A committee made up of Stillwater residents and school administrators has recommended up to 74 cuts the district can make to save $8 million next school year.
The cuts include eliminating athletic programs, increasing elementary class sizes, charging for all-day kindergarten and elimating fifth and sixth grade orchestra.
Several hundred people already opposed several of the proposals in crowded public hearings held last week at the district's junior and senior high schools.
The committee will present a final draft of its proposed cuts to the board on Thursday. The board will discuss the committee's recommendation Feb. 23 and vote on which cuts to make March 8.
The district faces a $10 million budget shortfall after voters rejected three levy proposals in November. Voters had been asked to replace an existing $997-per-student operating levy with one that would have provided $1,465 per student each year for seven years. They also rejected an $18.1 million bond issue that would have upgraded several science and math labs at Stillwater Area High School and a $982,300-a-year technology levy for seven years.
Superintendent Corey Lunn set up the committee shortly after the three levies failed.
Following Lunn's advice to get a jump-start on budget cuts this school year, the board decided earlier this month to implement an immediate hiring freeze and increase high school athletic fees this semester as part of an effort to cut more than $2 million from the district's budget.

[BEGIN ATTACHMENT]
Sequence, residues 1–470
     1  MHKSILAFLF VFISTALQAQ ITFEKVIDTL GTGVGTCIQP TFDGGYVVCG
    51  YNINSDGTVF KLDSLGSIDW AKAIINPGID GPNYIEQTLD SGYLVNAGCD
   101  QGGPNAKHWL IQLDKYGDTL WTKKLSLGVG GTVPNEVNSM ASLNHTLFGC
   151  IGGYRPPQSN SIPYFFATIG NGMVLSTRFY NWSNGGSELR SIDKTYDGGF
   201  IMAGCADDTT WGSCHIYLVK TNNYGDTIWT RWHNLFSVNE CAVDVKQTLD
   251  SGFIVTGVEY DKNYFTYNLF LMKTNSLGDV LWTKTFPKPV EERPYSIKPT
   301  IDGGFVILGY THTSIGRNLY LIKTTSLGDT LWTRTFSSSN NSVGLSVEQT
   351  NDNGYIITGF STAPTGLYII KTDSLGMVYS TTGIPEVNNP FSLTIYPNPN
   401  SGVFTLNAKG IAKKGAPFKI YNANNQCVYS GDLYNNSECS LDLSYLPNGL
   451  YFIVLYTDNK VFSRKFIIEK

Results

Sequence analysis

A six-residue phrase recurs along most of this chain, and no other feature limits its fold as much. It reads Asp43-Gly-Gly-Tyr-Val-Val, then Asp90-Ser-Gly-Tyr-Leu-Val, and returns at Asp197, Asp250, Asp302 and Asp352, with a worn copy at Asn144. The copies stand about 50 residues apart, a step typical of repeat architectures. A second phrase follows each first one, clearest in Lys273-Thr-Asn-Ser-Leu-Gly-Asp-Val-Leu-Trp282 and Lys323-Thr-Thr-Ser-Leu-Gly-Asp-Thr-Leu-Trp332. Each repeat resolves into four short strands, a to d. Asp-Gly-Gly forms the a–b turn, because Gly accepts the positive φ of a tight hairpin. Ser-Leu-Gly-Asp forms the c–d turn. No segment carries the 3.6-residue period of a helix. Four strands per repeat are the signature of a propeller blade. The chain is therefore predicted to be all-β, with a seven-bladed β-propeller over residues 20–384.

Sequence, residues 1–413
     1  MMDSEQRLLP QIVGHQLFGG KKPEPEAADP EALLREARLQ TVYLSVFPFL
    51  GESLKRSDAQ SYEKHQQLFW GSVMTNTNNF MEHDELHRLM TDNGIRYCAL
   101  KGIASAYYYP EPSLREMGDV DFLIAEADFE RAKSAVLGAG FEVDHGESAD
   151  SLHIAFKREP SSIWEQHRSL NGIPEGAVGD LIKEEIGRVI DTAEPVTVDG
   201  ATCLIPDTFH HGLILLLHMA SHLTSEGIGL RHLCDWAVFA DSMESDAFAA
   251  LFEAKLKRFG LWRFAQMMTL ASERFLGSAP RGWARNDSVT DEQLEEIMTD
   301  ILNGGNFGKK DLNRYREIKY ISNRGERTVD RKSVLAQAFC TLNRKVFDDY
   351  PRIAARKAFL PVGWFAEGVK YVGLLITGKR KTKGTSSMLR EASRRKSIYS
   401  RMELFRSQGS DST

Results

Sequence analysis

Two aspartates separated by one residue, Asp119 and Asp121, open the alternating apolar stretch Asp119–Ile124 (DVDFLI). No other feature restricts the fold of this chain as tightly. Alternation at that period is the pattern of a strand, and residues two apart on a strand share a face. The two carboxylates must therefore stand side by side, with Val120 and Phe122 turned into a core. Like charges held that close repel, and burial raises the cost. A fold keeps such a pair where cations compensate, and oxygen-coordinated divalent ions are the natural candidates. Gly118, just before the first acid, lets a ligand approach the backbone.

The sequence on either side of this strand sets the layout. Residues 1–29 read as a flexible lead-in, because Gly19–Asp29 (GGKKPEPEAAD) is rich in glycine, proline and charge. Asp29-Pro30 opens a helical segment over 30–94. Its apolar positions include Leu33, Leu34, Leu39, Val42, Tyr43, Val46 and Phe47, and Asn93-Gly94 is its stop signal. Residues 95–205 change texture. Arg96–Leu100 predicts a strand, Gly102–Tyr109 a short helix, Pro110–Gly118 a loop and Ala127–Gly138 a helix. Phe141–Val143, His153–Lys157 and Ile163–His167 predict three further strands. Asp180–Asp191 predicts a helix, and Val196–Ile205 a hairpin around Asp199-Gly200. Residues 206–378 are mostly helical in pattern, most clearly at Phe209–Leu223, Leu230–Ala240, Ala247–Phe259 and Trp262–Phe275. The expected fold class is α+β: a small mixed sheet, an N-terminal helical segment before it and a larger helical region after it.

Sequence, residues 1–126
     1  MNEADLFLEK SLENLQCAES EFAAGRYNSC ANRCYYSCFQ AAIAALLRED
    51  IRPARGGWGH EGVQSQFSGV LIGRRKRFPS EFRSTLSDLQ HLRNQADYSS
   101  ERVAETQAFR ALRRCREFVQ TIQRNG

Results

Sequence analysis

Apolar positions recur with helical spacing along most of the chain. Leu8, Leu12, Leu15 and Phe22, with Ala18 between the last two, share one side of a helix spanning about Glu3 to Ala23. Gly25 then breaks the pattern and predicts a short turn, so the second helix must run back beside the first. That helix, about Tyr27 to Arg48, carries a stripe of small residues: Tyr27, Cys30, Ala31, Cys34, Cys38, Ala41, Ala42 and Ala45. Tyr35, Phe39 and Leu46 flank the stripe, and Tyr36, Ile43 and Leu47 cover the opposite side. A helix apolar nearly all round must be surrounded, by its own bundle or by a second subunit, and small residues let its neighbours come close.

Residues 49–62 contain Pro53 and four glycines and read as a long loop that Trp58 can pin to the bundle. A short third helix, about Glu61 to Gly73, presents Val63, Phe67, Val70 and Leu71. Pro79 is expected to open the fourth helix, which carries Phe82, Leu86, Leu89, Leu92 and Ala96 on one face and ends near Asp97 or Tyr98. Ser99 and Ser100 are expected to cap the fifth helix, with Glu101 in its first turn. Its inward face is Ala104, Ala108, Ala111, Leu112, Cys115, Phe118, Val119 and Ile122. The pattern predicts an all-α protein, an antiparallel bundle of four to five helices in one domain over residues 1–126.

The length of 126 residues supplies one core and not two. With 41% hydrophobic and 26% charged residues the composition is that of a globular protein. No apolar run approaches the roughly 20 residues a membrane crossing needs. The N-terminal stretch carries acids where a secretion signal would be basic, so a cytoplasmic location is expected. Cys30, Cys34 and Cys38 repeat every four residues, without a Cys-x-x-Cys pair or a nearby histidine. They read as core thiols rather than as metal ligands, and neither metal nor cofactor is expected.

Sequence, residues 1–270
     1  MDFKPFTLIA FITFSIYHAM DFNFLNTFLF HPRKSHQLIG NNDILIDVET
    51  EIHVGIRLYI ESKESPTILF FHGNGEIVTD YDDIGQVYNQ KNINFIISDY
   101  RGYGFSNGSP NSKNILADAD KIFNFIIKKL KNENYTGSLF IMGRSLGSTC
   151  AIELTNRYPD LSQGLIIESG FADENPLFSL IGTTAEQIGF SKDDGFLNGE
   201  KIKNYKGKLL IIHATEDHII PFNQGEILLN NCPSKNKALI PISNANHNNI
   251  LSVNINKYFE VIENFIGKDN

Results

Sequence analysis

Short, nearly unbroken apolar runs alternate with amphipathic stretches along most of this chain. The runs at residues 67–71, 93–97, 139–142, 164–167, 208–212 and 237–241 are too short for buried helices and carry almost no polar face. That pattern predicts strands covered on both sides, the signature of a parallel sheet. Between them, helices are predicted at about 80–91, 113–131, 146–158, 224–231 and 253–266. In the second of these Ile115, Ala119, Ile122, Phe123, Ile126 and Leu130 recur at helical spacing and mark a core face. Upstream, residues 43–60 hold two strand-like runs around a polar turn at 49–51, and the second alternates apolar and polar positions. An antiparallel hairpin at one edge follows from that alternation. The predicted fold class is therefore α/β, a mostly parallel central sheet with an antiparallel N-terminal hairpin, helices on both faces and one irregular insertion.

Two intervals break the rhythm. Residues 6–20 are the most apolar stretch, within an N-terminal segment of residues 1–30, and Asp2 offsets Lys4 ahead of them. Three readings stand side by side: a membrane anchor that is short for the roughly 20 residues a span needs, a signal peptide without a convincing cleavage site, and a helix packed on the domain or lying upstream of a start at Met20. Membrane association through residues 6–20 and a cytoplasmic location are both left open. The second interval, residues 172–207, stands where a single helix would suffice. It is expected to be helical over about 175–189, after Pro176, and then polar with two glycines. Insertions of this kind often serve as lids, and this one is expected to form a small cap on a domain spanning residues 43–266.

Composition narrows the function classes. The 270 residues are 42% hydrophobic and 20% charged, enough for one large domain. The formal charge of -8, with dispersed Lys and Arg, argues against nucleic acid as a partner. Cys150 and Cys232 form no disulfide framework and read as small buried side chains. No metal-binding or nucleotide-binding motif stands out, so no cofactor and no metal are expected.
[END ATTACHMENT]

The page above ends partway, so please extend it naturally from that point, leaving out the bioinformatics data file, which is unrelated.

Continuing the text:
The committee has suggested continuing those cuts into the next school year.
The list the committee proposed this month is divided into three tiers, with each tier including about $4 million in adjustments. Tiers are ranked from those having the least disruption to students to those with having the most. A fourthe tier consists of items that could be considered should additional reductions be necessary.
Board members can choose individual items from each tier to get to the $8 million goal.
The report said the district could save $240,000 by cutting junior high school athletics. Spokeswoman Carissa Keister said the district is willing to enlist outside support to offer sports in the future. Eliminating its fifth- and sixth-grade orchestra programs will save the district $215,000, according to the report.
The committee also suggested increasing the maximum number of students in elementary classrooms from 24 to 25 students. That doesn't mean that every classroom will have 25 students, Keister said. That would save the district a possible $355,000.
By charging for all-day kindergarten or switching to an "all-day every other day" model, the district could save $100,000, according to the report.
Daarel Burnette II • 651-925-5032 Twitter: @DaarelStrib